7 of Isaac Newton's Most Important Ideas

Isaac Newton was one of the greatest thinkers in human history who practically invented modern physics.

When you think about Isaac Newton, you probably think of the apocryphal story about an apple falling on his head, giving him the idea for the theory of gravity. You might also think about the fact that he is one of the most influential physicists and scientists of all time. 

Born in 1642, Sir Isaac Newton was raised by his grandmother until the age of 12. His mother pulled him out of school at age 12 to have him tend the farm. Newton found farming monotonous, and he was soon sent back to school.

He studied law at Trinity College Cambridge, taking care of wealthier students' rooms to pay his bills. During his time at Cambridge, Newton kept a set of notes, entitled "Quaestiones Quaedam Philosophicae" ("Certain Philosophical Questions"). The notes reveal that Newton had already discovered the key ideas behind a new approach to mathematics: calculus. He graduated without honors or distinctions but did earn the title of scholar and four years of financial support for future education.


In 1699, Newton received his Master of Arts degree. He also came across Nicholas Mercator's published book on methods for dealing with infinite series, which sparked a renewed interest in mathematics. He published a treatiseDe Analysi, expounding his own ideas. This came to the attention of the mathematics community, and Newton was eventually given the Lucasian professorship at Cambridge.

Over the course of his life, Newton was responsible for a number of important ideas and theories. Let's take a look at just 7.

Newton's Laws

In 1687, Isaac Newton developed his three laws of motion after discovering and studying gravity. They are:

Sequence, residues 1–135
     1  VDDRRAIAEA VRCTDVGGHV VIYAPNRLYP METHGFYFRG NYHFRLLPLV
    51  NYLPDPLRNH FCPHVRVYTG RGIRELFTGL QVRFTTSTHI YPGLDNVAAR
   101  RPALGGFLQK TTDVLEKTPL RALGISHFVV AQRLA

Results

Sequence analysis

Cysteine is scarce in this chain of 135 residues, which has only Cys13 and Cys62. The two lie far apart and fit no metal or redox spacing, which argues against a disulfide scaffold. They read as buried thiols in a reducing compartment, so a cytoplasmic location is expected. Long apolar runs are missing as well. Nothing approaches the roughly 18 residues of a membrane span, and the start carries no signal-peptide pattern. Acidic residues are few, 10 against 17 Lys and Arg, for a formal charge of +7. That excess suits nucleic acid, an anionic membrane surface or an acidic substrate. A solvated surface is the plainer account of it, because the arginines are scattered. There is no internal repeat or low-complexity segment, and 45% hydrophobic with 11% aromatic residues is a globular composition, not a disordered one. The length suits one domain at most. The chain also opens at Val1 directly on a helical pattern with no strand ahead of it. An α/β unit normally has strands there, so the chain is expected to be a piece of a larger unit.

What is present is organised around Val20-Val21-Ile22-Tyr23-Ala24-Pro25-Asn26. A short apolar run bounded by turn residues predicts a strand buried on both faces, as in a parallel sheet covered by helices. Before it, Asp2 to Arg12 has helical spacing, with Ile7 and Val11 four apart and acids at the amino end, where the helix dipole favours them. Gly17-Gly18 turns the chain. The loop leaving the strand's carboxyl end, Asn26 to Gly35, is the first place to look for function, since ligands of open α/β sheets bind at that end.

1. Every object stays in its state of rest or uniform motion unless disturbed by an external force. (Law of Inertia)
  2. Force equals mass times acceleration.
  3. For every action, there is an equal and opposite reaction.

Orbital Cannon

Isaac Newton liked to play with ideas around the concept of universal gravitation. In thought experiments about it, he described a mountain that would be so tall it poked into space. He considered that if such a mountain existed, you could place a cannon on its peak to launch objects into orbit.


This was a way to explain how one object might orbit another. 

He theorized that if you gave the cannonball the perfect amount of gunpowder on the launch, you could give it enough velocity to fall towards earth at the same rate the planet curved away from it. The cannonball would continue in free fall all the way around the planet, in effect, orbiting it.

The Philosopher's Stone

Isaac Newton was not only interested in mathematics and physics, but he also worked in areas that strayed away from what we now consider more traditional science, and into the realm of alchemy and mysticism, including ways to concoct the magical philosopher's stone. 

The "philosopher's stone" was a mythical substance that alchemists believed had magical properties, including being capable of bestowing the abilities of transmutation and immortality. In theory, the stone could turn lead into gold, or cure any disease.


It is important to remember that when Newton was alive, alchemy was still seen by some as legitimate science. 

Documents that have recently come to light give Newton's handwritten instructions for making "philosophic" mercury. The document title translates, in part, to "Preparation of the [Sophick] Mercury for the [Philosophers'] Stone."


Isaac Newton and Gottfried Wilhelm Leibniz are said to have independently invented calculus at around the same time, although each claimed the other had stolen his work. Newton discovered that algebra and geometry weren't powerful enough for the science he was working on, so he developed a new means of mathematics in order to decode the world around him properly.